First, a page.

Crop Protection

CropLife Europe’s comment on the PC for prohibiting the production of hazardous chemicals for export

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09 May 2023, EU: On the 8th of May 2023 European Commission launched a public consultation on prohibiting the production of hazardous chemicals for export. Reacting to the publication spokesperson of the association said: “CropLife Europe supports the ambitious commitment of the European Commission and its Chemicals Strategy for Sustainability (CSS) to protect human health and the environment. As an innovative industry that supports farmers progress towards a more sustainable EU food production, we are dedicated to increasing the sustainability of our solutions.

The CSS sets out to achieve a big transformation the EU will see under the Green Deal. We recognise the Commission’s underlying concern that certain substances banned for use as pesticides in Europe are exported to other parts of the world.

Many of the substances which would be captured by such a ban are exported to fulfil important and specific needs of farmers in other parts of the world. Different regions have different needs – the agronomic needs and climatic conditions vary by region and are considered in the country and region-specific registration process. In addition, some of these substances are registered and used in third countries for other important societal reasons, like vector control, other than crop protection.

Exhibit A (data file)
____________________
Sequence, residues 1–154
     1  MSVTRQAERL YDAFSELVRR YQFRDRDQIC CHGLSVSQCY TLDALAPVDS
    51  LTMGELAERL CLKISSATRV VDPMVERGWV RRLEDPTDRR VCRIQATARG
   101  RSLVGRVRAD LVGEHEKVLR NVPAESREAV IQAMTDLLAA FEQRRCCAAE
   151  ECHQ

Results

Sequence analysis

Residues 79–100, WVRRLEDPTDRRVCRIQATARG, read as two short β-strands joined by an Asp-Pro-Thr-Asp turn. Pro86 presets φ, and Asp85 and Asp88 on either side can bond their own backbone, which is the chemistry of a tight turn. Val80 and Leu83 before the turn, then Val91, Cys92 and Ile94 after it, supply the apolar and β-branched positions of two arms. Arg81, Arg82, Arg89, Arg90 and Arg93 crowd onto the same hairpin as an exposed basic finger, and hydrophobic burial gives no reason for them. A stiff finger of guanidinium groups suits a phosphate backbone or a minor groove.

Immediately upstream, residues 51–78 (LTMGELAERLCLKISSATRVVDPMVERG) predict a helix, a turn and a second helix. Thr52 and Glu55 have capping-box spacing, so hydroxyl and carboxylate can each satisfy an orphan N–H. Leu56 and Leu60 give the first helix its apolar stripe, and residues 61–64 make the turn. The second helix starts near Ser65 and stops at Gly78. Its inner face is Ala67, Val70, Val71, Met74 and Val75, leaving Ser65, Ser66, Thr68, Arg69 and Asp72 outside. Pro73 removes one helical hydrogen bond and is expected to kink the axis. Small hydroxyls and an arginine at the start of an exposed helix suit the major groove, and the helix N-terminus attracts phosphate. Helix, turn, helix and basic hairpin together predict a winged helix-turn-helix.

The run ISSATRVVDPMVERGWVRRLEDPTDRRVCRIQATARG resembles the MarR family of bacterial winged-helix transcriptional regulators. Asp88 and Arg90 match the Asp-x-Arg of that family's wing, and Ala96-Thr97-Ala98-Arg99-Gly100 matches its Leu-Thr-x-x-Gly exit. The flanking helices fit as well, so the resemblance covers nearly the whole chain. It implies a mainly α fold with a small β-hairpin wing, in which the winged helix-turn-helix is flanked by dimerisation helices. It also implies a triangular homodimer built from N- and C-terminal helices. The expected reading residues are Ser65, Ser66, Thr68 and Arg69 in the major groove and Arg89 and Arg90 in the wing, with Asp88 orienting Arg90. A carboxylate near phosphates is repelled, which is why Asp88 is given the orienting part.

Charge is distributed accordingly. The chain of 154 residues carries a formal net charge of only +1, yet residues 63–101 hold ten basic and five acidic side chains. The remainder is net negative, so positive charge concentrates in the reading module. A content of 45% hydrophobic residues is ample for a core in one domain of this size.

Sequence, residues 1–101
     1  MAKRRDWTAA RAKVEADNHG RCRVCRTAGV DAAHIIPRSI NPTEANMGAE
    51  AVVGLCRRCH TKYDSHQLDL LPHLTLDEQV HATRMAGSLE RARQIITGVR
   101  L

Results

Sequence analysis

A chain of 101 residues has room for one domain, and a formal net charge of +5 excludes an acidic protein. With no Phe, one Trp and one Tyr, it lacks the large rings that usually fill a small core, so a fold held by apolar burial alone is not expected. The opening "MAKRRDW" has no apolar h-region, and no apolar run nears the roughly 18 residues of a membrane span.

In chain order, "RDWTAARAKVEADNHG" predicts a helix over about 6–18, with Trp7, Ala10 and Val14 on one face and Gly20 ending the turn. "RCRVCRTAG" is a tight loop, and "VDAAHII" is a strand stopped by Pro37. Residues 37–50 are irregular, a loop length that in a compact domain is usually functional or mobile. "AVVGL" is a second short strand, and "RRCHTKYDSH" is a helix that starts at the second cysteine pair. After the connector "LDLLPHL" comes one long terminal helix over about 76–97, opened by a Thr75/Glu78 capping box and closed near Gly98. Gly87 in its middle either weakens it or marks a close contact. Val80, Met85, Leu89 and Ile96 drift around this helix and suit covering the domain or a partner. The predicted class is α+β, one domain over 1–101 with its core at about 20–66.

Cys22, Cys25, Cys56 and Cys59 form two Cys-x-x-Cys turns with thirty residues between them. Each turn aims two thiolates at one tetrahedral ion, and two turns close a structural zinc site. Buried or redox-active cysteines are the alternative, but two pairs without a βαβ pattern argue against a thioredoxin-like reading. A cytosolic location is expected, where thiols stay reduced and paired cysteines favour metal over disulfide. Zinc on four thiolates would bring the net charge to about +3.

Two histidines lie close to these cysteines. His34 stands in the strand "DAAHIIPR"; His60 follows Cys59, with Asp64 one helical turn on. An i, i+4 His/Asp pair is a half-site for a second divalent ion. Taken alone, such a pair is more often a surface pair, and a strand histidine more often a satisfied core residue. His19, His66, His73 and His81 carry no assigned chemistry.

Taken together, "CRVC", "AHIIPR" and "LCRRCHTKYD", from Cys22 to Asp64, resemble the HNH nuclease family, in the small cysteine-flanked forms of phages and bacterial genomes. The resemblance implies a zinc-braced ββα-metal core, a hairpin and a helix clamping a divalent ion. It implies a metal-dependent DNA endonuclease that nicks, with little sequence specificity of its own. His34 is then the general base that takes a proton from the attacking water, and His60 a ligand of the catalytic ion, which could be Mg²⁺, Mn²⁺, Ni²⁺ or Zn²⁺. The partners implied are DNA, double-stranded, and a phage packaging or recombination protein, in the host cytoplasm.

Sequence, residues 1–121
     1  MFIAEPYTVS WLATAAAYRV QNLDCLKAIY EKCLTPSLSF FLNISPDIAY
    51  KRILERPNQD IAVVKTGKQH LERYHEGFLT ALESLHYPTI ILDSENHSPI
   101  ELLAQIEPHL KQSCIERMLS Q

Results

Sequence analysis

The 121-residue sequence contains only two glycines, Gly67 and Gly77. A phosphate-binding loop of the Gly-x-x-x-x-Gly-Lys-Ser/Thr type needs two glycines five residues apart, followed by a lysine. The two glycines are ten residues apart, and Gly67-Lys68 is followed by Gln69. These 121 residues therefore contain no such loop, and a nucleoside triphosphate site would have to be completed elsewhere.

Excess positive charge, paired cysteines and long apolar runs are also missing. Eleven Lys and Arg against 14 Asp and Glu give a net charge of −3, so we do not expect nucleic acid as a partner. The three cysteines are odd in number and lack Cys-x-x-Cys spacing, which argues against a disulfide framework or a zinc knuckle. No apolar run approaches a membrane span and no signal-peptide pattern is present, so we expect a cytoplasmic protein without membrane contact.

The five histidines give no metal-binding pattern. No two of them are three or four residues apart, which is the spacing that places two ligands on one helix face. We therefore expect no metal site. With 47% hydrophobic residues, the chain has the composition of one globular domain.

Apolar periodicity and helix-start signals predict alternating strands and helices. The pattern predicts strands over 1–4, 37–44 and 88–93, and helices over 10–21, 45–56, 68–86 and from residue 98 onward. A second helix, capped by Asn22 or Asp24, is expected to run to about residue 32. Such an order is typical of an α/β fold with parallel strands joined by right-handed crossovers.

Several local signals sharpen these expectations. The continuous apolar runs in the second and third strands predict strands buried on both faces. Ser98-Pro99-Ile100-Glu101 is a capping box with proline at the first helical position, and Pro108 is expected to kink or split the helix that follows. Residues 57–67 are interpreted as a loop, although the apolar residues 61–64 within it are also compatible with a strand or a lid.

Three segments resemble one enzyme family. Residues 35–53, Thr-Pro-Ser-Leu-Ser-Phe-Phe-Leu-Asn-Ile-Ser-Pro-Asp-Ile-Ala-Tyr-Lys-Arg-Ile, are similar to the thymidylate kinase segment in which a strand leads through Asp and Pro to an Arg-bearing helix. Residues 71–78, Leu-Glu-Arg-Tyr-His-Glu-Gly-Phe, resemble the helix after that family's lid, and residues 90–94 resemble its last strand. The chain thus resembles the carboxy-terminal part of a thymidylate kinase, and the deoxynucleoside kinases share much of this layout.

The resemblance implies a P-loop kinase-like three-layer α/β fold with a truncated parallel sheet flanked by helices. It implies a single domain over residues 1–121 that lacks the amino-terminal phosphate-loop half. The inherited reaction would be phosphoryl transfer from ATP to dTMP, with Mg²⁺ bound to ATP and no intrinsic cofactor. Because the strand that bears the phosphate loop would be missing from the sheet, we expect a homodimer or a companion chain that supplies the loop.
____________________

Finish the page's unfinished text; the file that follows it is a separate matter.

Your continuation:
Simply banning manufacturing for export of these substances will not have the desired outcome. Doing so would result in losing a valuable opportunity for the EU to positively influence how pesticides are used in other parts of the world. CropLife therefore encourages the EU to use its world leading influence to show how best practices of safety, risk assessment of chemical products and transparency can better protect people and the environment.

Banning chemical/pesticide exports from the EU would increase the risk of illegal and counterfeit pesticides being used in other parts of the world, compromise EU competitiveness and investment in innovation in the sector. Such a ban would likely result in manufacturing being exported from Europe to other regions in the world, where the EU would have no opportunity to lead by example.

The public consultation, offers an important opportunity for CropLife Europe and its membership to contribute with its expert perspective, resulting from many years of practical experience. Our sector will continue to be a partner in the green and digital transformation of European agriculture.

We look forward to contributing to the public consultation and continuing dialogue with the European Commission, civil society and all interested parties, and we remain committed to finding a solution which is acceptable to all parties, including farmers.“

Also Read: Apiculture weds Sustainable Agriculture: Tapping the unrealized potential and creating a win-win situation

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